Turtles are truly fascinating creatures. They have even spawned an entire franchise like the Teenage Mutant Ninja Turtles, which was arguably a big part of our childhood, and something many of us watched before going to sleep.
Talking about sleep…
How long do turtles actually sleep?!?
In this article, we’ll be delving into this age-old question that has weighed almost all of our minds – especially the children in us.
How long do turtles sleep usually?
Turtles don’t necessarily go into a deep sleep like us humans. Most of the time, it’s a long rest that has a few breathers in-between hours. Traditionally, sea turtles go to the bottom of a lagoon and sleep there for about 2 to 3 hours. More recently though, it has been noticed that turtles go underwater to sleep for about 4 to 7 hours – occasionally rising to the surface to breathe.
What determines a turtle’s length of sleep?
The variations between lengths of sleep time are usually dependent on other factors. Some factors include the temperature of the turtle’s water, the lighting, the time of day, or even its species.
Sometimes, turtles can stay underwater for long periods because of a low water temperature. This ensures that they would have a slower metabolic rate that gives an ample amount of oxygen.
How do turtles spend their time before going to sleep?
Recently, it was revealed that a large portion of a turtle’s year is spent foraging around shallow waters during the day and returning to deeper waters during sunset to rest. This had some connection to the fact that their sleep and rest patterns do have a connection to the temperature of the water.
Turtles take naps while the sun is out, perhaps in the hopes of conserving energy. It becomes somewhat similar to how children usually take naps in the afternoon especially after a meal.
To veer a bit from the topic of sleeping, it’s worth noting that turtles rest for almost around 11 hours a day. This is usually to conserve the oxygen they have in store for other things, such as foraging.
When, however, temperatures in their habitats would become cooler, they would dive for longer and use less oxygen.
How does lighting and time of day affect a turtle’s sleep?
Turtles’ sleep patterns are also very dependent on the lighting and time of day. Generally, most species of turtles choose to sleep during a part of the night. They may primarily sleep at night, though there are instances where they are known to rest during day time.
It’s like when we take a nap. More often than not, turtles (specifically the green turtle) only go to shore to nest. But, I have found that a population of green turtles in Maui, Hawaii, usually climb on shore to rest under the sun.
What can we do to ensure our pet turtles are getting enough sleep?
Pet turtles are commonly known to be diurnal. This would mean that turtles do most of their activities during the daytime.
So, to add to what I’ve mentioned with lighting, owners should ensure that the lights in a turtle’s habitat are turned off during their sleep time.
I also recommend that lights should be on and off for 10-12 hours, respectively.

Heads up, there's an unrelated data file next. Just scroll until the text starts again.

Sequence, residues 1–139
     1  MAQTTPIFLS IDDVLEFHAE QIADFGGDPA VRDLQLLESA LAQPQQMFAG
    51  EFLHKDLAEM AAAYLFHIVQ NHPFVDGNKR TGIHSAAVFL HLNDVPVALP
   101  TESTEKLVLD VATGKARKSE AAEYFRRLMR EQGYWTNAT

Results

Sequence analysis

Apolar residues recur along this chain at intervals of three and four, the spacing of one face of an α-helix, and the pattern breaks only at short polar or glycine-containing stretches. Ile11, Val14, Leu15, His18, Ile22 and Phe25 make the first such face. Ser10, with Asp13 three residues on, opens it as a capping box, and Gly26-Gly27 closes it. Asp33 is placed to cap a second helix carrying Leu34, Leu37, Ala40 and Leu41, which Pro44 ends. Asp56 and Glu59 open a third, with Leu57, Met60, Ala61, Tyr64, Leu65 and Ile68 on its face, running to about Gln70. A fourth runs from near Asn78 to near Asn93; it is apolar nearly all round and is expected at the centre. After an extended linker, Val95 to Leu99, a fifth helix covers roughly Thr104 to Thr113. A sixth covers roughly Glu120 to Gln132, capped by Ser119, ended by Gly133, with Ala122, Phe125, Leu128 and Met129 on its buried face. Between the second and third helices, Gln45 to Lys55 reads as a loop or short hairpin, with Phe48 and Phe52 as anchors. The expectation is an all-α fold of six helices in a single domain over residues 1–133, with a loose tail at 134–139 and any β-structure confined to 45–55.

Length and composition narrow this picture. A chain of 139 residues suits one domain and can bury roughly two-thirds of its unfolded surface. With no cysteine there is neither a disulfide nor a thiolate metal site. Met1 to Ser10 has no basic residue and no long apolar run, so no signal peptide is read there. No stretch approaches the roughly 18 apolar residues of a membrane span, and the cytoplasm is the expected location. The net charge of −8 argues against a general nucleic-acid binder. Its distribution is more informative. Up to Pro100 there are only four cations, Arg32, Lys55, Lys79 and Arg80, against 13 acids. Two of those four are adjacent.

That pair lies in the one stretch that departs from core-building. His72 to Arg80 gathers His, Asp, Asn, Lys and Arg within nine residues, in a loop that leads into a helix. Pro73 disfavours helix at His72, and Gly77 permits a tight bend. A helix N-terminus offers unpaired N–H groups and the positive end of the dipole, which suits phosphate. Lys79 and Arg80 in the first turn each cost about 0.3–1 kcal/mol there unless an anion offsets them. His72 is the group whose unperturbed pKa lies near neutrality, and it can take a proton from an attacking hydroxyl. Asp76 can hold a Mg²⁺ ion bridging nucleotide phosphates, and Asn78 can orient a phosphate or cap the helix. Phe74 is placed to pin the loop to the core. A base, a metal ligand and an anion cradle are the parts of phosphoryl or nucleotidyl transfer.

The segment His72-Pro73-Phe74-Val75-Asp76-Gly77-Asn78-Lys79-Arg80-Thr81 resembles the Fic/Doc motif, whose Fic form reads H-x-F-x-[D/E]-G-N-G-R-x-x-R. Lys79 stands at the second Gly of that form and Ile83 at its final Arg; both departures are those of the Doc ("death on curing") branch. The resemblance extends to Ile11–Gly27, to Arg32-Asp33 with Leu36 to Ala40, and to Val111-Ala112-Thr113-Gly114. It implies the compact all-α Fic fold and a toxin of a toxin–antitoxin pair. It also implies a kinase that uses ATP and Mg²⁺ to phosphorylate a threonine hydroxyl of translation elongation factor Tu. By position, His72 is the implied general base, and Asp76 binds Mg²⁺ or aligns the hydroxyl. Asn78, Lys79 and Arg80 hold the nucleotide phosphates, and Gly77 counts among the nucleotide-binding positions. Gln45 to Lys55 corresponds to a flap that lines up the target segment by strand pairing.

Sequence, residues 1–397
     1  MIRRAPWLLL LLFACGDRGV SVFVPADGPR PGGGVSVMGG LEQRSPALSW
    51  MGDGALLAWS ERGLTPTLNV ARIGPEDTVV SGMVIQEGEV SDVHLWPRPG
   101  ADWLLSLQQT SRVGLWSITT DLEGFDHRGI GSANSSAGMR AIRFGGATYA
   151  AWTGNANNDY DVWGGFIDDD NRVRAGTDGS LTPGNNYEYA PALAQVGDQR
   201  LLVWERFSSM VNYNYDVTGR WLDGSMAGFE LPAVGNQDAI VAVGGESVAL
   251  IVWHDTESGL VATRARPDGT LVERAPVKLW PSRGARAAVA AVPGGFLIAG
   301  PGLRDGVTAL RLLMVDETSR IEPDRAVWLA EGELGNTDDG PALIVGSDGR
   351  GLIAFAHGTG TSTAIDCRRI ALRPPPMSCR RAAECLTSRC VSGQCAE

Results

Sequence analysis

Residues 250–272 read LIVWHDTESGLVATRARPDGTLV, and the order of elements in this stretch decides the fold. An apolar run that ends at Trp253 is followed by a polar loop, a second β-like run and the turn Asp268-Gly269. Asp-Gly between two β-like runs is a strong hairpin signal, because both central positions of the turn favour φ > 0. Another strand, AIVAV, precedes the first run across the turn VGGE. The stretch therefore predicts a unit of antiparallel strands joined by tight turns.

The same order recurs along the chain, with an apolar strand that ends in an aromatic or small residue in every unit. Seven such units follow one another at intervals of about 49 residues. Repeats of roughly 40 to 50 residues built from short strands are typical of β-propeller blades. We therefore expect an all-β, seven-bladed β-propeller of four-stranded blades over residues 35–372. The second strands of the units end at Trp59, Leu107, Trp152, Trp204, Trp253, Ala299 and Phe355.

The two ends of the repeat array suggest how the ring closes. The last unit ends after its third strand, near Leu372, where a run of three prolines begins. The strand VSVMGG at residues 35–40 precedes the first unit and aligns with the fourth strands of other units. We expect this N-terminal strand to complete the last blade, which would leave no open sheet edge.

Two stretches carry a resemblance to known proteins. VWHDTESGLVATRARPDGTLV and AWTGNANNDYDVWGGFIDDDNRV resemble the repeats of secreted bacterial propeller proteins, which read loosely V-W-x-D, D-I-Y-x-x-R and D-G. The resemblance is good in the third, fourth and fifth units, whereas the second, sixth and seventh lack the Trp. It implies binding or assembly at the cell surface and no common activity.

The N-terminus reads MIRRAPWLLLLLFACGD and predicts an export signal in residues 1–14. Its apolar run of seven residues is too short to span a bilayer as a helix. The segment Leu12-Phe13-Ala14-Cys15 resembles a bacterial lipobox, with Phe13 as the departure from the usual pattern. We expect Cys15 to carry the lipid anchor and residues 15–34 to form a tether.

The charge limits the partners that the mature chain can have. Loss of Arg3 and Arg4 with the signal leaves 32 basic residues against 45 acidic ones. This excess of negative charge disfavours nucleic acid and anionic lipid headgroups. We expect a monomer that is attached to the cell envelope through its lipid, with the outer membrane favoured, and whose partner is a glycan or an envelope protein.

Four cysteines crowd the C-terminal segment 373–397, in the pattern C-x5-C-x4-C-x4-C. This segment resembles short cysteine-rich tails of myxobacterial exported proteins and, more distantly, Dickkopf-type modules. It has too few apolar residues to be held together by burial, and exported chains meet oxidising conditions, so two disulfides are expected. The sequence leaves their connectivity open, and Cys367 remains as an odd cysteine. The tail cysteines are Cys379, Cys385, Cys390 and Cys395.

This makes sure that their normal body cycle is functioning properly. The turtle’s sleeping habits become alarmingly close to a person’s – except maybe for sleeping underwater.
Speaking of underwater, although almost all species of turtles sleep underwater, they all have their own unique locations.
For instance, sea turtles are found to either sleep in deep water or at the bottom shoved under rocks close to the water near shore.
How does species and location affect a turtle’s sleep?
There is a notable difference in the locations where hawksbill and green turtle sleep in. These locations affect the sleep time due to differences in temperature and light.
As you may now know, turtles sleep in relation to the temperature and the amount of light they’re getting since it also depends on the oxygen they need. The hawksbill is usually squeezed in a crevice or cave in the reef.
The green turtle, on the other hand, mainly looks toward a sandy bottom that overhangs a coral head. Although they both sleep at night, it has been noted that the hawksbill sleeps longer than its green turtle counterpart.
There have been instances where divers have attested to the green turtles wedging themselves under ledges close to reefs and other rocks. This is not uncommon when people go underwater to see turtles.
Maybe these locations have some bearing on how long they sleep, such as with the hawksbill. After all, it might be something connected to how much light they get.
Usually, turtles go to rest when it’s a little warmer outside. This has some connection to how much energy they use and conserve, which might translate to how much they sleep during the night.
I also find it interesting to see that turtles can almost be quite similar to people, especially children. In the afternoon, after they forage, they rest purportedly to conserve energy.
Some people, such as me, are like this. There are times after I eat, that I have to either rest or sleep to gain some energy. Maybe, down the line, we have more in common with these cold-blooded creatures than we initially thought.
Frequently asked questions about the turtle’s sleep pattern
Do turtles’ sleeping patterns change with the season?
The length at which turtles rest or sleep depends on the season. When the waters are warmer, turtles tend to rest a bit more. If, however, the waters are cooler such as during winter, they sleep less. This has something to do with energy conservation.
Can turtles drown when they sleep underwater?
Turtles are biologically manufactured to know when they need to surface and catch a breath.
Normally, no, turtles will not drown no matter how long they sleep underwater. The isolated cases when they might drown are if something is preventing them from surfacing such as a net, or if there were any other obstacles.